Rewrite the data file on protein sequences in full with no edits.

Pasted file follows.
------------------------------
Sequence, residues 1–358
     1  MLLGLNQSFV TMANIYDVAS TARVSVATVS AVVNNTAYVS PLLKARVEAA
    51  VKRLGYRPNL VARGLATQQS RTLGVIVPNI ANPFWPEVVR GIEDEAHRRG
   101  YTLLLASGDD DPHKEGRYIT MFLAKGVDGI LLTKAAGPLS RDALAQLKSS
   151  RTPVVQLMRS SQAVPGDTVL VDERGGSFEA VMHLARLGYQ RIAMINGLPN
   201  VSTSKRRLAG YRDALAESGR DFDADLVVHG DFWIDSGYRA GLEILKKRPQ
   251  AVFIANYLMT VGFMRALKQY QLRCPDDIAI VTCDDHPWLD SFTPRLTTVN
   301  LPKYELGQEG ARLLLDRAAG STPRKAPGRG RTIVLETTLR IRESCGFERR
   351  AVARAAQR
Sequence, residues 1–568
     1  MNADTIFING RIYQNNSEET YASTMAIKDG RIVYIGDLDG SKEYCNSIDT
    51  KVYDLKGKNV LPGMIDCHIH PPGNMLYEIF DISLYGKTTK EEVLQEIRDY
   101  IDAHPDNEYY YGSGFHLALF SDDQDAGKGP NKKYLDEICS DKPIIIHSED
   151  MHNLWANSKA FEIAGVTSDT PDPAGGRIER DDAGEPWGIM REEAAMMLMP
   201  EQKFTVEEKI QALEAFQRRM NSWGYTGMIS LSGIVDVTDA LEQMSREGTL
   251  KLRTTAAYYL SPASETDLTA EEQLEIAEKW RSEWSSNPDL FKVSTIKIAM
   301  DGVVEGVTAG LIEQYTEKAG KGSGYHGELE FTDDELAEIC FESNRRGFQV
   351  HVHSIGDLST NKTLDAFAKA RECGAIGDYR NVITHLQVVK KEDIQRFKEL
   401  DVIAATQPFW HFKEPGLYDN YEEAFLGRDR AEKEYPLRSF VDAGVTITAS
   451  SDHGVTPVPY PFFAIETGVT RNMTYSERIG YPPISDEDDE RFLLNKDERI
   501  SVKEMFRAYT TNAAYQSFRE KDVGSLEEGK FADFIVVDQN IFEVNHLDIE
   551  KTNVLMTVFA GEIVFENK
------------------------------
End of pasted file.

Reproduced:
Sequence, residues 1–358
     1  MLLGLNQSFV TMANIYDVAS TARVSVATVS AVVNNTAYVS PLLKARVEAA
    51  VKRLGYRPNL VARGLATQQS RTLGVIVPNI ANPFWPEVVR GIEDEAHRRG
   101  YTLLLASGDD DPHKEGRYIT MFLAKGVDGI LLTKAAGPLS RDALAQLKSS
   151  RTPVVQLMRS SQAVPGDTVL VDERGGSFEA VMHLARLGYQ RIAMINGLPN
   201  VSTSKRRLAG YRDALAESGR DFDADLVVHG DFWIDSGYRA GLEILKKRPQ
   251  AVFIANYLMT VGFMRALKQY QLRCPDDIAI VTCDDHPWLD SFTPRLTTVN
   301  LPKYELGQEG ARLLLDRAAG STPRKAPGRG RTIVLETTLR IRESCGFERR
   351  AVARAAQR
Sequence, residues 1–568
     1  MNADTIFING RIYQNNSEET YASTMAIKDG RIVYIGDLDG SKEYCNSIDT
    51  KVYDLKGKNV LPGMIDCHIH PPGNMLYEIF DISLYGKTTK EEVLQEIRDY
   101  IDAHPDNEYY YGSGFHLALF SDDQDAGKGP NKKYLDEICS DKPIIIHSED
   151  MHNLWANSKA FEIAGVTSDT PDPAGGRIER DDAGEPWGIM REEAAMMLMP
   201  EQKFTVEEKI QALEAFQRRM NSWGYTGMIS LSGIVDVTDA LEQMSREGTL
   251  KLRTTAAYYL SPASETDLTA EEQLEIAEKW RSEWSSNPDL FKVSTIKIAM
   301  DGVVEGVTAG LIEQYTEKAG KGSGYHGELE FTDDELAEIC FESNRRGFQV
   351  HVHSIGDLST NKTLDAFAKA RECGAIGDYR NVITHLQVVK KEDIQRFKEL
   401  DVIAATQPFW HFKEPGLYDN YEEAFLGRDR AEKEYPLRSF VDAGVTITAS
   451  SDHGVTPVPY PFFAIETGVT RNMTYSERIG YPPISDEDDE RFLLNKDERI
   501  SVKEMFRAYT TNAAYQSFRE KDVGSLEEGK FADFIVVDQN IFEVNHLDIE
   551  KTNVLMTVFA GEIVFENK